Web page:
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Journal of colloid and interface science

Mesoporous zirconium phosphate from yeast biotemplate.


PMID 20031146

Abstract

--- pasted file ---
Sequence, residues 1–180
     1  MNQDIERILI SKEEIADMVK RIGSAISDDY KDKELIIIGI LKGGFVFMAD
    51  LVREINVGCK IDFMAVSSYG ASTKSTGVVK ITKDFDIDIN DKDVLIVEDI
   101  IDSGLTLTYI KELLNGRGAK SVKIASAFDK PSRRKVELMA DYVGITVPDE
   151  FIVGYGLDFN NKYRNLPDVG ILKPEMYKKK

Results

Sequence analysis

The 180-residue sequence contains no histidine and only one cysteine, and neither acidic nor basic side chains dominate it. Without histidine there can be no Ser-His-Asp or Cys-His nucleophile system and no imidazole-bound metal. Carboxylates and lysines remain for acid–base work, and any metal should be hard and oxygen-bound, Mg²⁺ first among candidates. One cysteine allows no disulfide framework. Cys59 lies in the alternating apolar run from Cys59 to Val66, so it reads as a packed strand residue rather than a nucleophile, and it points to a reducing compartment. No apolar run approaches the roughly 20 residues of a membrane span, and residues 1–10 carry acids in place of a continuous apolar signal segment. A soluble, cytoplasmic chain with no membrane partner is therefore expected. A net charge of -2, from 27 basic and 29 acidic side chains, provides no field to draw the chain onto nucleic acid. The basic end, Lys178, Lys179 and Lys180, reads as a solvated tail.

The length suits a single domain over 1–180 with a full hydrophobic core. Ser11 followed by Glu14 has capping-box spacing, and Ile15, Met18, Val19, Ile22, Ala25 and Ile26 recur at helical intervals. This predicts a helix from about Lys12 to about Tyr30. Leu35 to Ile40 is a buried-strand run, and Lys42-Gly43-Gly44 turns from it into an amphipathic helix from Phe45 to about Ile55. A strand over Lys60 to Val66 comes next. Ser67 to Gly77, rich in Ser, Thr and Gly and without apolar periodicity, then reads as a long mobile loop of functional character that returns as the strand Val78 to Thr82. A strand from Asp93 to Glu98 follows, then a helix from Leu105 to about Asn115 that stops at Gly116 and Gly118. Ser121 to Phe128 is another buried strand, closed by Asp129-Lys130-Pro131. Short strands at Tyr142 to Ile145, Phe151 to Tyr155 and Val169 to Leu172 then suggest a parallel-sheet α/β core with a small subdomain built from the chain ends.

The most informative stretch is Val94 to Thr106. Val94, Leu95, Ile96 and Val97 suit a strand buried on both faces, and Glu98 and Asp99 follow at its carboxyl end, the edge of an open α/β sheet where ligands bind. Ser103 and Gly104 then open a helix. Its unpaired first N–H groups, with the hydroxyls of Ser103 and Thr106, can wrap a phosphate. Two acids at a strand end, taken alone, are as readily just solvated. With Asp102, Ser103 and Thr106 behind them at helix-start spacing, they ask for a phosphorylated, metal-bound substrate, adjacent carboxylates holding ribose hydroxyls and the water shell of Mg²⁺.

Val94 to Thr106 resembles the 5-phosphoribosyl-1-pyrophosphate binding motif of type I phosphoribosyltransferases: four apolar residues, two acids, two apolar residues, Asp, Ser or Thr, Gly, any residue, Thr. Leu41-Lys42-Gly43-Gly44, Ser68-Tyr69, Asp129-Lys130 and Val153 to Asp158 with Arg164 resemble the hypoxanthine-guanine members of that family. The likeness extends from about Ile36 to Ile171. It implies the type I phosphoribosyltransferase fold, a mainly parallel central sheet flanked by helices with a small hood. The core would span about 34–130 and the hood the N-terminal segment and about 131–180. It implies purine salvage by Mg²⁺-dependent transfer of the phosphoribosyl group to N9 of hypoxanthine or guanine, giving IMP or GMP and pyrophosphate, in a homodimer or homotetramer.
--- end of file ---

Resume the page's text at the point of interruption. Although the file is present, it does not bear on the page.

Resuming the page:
Mesoporous zirconium phosphate has attracted increasing interest due to its extraordinary functionalities. In particular, great progress has been made in the synthesis of mesoporous zirconium phosphate using traditional approaches. However, synthesis of mesoporous zirconium phosphate using yeast as biotemplate has not been well studied so far. Here, we show that zirconium phosphate with a mesoporous structure has been synthesized under ambient conditions using yeast as biotemplate. The derived samples were examined by X-ray diffraction (XRD), energy-dispersive X-ray analysis (EDX), transmission electron microscopy (TEM), thermogravimetry/differential thermal analysis (TG/DTA), fourier transform infrared spectroscopy (FTIR), and N(2) adsorption-desorption isotherms. A biotemplated mesoporous zirconium phosphate, possessing a specific surface area (Brunauer-Emmett-Teller, BET) of 217.64 m(2) g(-1), a narrow pore distribution centered at 2.7 nm, and pore volume of 0.24 cm(3) g(-1), was obtained. We discover that amide carboxyl groups of yeast play an important role in the chemical interaction between protein molecules and zirconium phosphate nanoparticles. Interestingly, an air electrode fabricated using mesoporous zirconium phosphate exhibits remarkable electrocatalytic activity for oxygen reduction reaction (ORR), compared to that of the electrolytic manganese dioxide (EMD) air electrode employed commercially, which has important applications in fuel cell technologies.

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